Kids' Birthday Parties You'll Enjoy Planning a summer birthday for the little one? Use these tips to keep it real. BY ANGELA GALA
Honour Hiers Fine Art Photography
You don't have to spend a lot of money to throw a good birthday party.
As a mother of three and an event planner, Iíve done it all when it comes to childrenís birthday parties. The topper has to be the Florida-themed party. We had pink flamingos in madras plaid playing golf on the lawn, inflatable pink flamingos in the trees and staked pink and aqua balloons in the yard. The kids got pink and blue beach bags stuffed with plaid beach hats, battery operated fans, blow-up beach balls and candy. The adults sipped spiked pink lemonade and the kids, of course, received their own personalized floral sippy cups to take home.
There were more over-the-top details, but youíre probably already thinking Iím nuts, and I donít blame you. I drove myself crazy for a couple of years planning my children's birthday parties. It was fun, but less than it should have been because of the pressure I put on myself.
Ask yourself, "Who am I planning this party for?" This is important in any event planning, but especially so for kidsí parties. Is your one-year-old really going to enjoy the beautiful dťcor, the wonderful man who brought the cute little animals for everyone to play with? Probably not, but you might.
My first piece of advice? Be yourself and your job will be easier. If you like to take the theme to the nth degree, invite the zoo keeper and set up the bounce house, thatís great. If not, thatís cool too. Do it your own way and everyone will have a great time.
Remember what you enjoyed on your childhood birthdays. I wonít forget the way my mother sang as she woke me up and made me over on my special day. She invited all my friends to my party and gave me the biggest icing flower. What she didnít do is plan the party as if it were hers. It was heartfelt and all about me. It dawned on me that I had been planning my childrenís lavish birthday parties not for them or me, but for some phantom person I thought would judge me if I didnít. Donít make the same mistake.
Now that you have figured out what you want and why, find sources of help. If planning games isnít your thing, check websites for local childrenís magazines in your area. Youíll probably find a great wealth of resources. My local favorites include Dale the Bubbleman, who can put a kid inside a bubble, and Mr. Rob who acts out the dinosaurs he sings about.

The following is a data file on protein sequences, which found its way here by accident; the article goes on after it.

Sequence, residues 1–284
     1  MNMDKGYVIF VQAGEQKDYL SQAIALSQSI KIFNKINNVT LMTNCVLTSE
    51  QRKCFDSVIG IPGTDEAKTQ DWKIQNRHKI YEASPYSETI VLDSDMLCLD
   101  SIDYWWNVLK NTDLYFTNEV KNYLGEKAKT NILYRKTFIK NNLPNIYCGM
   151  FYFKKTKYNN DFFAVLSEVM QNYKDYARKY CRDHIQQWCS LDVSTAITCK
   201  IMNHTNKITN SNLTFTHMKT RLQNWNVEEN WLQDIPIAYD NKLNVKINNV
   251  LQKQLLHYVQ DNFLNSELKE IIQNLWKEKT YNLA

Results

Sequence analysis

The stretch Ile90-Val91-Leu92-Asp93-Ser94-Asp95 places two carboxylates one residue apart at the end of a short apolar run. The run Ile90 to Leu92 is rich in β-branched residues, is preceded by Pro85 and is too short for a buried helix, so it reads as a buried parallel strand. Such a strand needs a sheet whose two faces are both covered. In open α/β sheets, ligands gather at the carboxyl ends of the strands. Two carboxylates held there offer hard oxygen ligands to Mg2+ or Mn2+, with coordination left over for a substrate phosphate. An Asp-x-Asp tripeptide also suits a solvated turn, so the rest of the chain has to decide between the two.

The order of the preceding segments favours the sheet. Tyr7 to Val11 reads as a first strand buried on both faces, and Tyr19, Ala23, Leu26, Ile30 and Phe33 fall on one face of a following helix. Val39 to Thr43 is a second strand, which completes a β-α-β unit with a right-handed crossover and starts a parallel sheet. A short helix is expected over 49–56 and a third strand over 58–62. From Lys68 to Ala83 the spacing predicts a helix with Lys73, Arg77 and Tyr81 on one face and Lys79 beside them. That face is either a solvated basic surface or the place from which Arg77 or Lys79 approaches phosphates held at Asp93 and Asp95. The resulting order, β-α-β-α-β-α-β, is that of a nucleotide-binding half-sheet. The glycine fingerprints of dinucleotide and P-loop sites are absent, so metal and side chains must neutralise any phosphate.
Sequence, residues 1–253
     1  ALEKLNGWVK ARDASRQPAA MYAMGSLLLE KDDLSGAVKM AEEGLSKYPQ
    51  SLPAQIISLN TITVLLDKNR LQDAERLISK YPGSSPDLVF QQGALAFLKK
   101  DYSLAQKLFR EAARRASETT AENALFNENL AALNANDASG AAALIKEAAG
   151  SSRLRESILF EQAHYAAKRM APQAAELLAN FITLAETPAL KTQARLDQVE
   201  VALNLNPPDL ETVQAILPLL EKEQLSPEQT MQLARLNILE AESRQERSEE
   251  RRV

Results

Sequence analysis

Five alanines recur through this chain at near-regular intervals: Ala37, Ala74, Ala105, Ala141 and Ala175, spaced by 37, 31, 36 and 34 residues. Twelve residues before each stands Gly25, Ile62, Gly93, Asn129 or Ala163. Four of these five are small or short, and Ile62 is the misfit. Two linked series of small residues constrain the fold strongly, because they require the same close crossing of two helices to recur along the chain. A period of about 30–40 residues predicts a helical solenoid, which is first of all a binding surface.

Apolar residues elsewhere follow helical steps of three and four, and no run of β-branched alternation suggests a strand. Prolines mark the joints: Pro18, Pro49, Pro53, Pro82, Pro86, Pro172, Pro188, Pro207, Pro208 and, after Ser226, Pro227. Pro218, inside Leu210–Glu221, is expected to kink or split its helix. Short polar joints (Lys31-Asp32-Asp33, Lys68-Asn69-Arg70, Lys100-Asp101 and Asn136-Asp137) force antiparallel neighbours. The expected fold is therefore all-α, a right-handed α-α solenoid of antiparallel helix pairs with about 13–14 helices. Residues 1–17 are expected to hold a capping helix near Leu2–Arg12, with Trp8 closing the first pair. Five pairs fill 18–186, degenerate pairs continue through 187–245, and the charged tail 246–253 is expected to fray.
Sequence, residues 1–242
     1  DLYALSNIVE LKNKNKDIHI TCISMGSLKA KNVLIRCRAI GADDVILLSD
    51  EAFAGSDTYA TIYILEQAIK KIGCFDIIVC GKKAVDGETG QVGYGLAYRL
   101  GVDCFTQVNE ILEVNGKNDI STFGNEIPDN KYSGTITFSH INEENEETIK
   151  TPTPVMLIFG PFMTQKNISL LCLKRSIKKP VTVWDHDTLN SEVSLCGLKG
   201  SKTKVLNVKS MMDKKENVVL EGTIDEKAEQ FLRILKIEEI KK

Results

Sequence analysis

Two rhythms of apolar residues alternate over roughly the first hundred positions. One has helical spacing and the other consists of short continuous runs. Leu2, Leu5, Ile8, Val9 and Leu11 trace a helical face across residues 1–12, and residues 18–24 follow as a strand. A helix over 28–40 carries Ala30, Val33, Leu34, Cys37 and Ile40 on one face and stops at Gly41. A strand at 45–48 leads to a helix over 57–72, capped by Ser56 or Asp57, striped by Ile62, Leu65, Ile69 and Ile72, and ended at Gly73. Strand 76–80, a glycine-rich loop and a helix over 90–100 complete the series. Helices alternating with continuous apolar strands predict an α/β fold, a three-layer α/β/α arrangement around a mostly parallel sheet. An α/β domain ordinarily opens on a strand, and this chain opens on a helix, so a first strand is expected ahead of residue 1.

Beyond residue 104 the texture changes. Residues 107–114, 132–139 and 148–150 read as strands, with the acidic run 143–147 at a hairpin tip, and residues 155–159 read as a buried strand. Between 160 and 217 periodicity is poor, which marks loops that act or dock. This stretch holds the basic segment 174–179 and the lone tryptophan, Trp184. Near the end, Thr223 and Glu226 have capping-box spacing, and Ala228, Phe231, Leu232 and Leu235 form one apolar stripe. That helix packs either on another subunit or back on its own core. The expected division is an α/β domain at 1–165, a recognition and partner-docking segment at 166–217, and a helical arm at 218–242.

For very young children, think like a child. What would you enjoy? The ice cream sundae bar is always a favorite or let the kids decorate their own cupcakes. Buy fun art aprons or bibs and let them use chocolate icing, vanilla icing, sprinkles, M&Ms, and skittles. Clear the driveway and get out the sidewalk paint. Or begin a canvas and let them paint to their little heartís content. Crayola has a new product outó3D chalk that comes with 3d glasses. This might be worth a try too.
If you have slightly older children, your local science center or museum is a great place to begin. Our Discovery Place in Charlotte, N.C., has fascinating special exhibits and wonderful displays all year-round. They have many party options planned around these exhibits that are fantastically easy on the parents. Check the science center or childrenís museum in your city. Another option is sleepovers, which are always fun and donít have to be stressful. For the girls, think hair, nails, music and make-up; the boys love camping out in the back yard. Making the s'mores inside doesn't seem to diminish their enjoyment.
Having parties should be synonymous with enjoying life and the people you care about. It's not about spending the most money or impressing people. Keep this in mind as you plan and it will be joyful.
Angela Gala is principal with Rogers & Gala Creative Partners, a firm that plans parties, weddings, and special events nationwide. She can be reached through her website www.rogersandgala.com.